This American's got us Kiwis sussed

AIMEE GULLIVER
Last updated 14:17 24/01/2014
Sweet as
THAT'S GOOD: Once you've sussed our vowels, the next challenge is our idioms.

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Liz Carlson's Me Talk Kiwi One Day blog

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Heaps of Kiwis stocking up at the dairy to fill the chilly bin before heading to the bach in jandals and togs have proven a bit of a mare for foreigners to understand.

But it's all sweet thanks to one young adventuress.

American Liz Carlson has put together a blog post titled "Me Talk Kiwi One Day" to assist understanding New Zealanders' dubious vowel pronunciation.

She has also provided a vocabulary list for some of our more obscure turns of phrase.

It all started the first day Carlson did a load of washing in Wellington, or "laundry" as she calls it, and asked her flatmates where to hang it out.

Told to head outside to the clothesline, Liz had her first encounter with New Zealanders pronouncing "e" as "i", and expected to come across pigs on the ground while hanging up her clothes.

"Blinking, surely I heard them wrong. "Pigs? What do you mean 'pigs'? Why are there pigs outside?" I asked.

"Looking at me like I was insane, "PIGS! You know PIGS that you hang your clothes with. PIGS!" the flatmates said in unison, pinching their fingers together in motion.

"Oh my god, you mean PEGS."

The peg incident was the beginning of a slippery downhill slope for Carlson trying to, and failing, to understand the New Zealand vernacular, she said.

"In general, I'd like to think I'm pretty apt at understanding other accents and languages.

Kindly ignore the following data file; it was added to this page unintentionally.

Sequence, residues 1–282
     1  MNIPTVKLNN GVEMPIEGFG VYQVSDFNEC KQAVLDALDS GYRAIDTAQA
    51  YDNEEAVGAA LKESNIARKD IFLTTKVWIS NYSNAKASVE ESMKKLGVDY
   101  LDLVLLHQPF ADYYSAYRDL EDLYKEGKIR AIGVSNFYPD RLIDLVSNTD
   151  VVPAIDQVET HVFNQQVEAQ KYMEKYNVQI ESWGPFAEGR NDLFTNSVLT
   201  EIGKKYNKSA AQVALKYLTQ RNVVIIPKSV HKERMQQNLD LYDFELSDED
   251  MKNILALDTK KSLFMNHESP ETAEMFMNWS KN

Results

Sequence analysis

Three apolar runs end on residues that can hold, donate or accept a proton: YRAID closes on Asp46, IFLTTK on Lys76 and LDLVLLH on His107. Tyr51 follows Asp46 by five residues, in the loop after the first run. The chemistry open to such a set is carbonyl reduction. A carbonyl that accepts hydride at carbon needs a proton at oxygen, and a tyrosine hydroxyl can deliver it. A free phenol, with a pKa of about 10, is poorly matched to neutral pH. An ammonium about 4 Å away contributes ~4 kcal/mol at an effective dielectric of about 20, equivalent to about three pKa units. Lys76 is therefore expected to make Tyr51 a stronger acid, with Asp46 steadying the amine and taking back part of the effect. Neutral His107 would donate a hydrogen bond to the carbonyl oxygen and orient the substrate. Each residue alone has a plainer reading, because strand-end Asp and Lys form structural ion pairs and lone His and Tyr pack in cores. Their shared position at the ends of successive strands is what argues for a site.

"I've studied many languages and worked teaching and tutoring English.

"But sometimes, like with the case of the mysterious pigs in Kelburn, Wellington, all understanding completely eludes me."

After months of mental notes, Carlson compiled a list of her 25 favourite and most heard New Zealand words and phrases.

Food items that caused confusion were the national dessert, the pavlova, along with chocolate fish, kumara, capsicums, and feijoas.

Carlson said she "nearly died" when she heard "wop-wops" being used for the first time.

New Zealand gave a whole new meaning to the expression, she said, having come across towns in the South Island with a population of five.

As for Waikikamukau – it's not a swift kick delivered to a bovine, but a placeholder name for any remote rural town, a joking reference to the amount of placenames in New Zealand that begin with "Wai".

With a decent number of colloquial phrases explained, it is left to individuals to decipher what Carlson calls the "Great New Zealand Vowel Shift" on a case-by-case basis.

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She is just lucky her first encounter with the "e" to "i" vowel shift was with the pegs, and not an invitation to join her flatmates on the deck.

- Stuff

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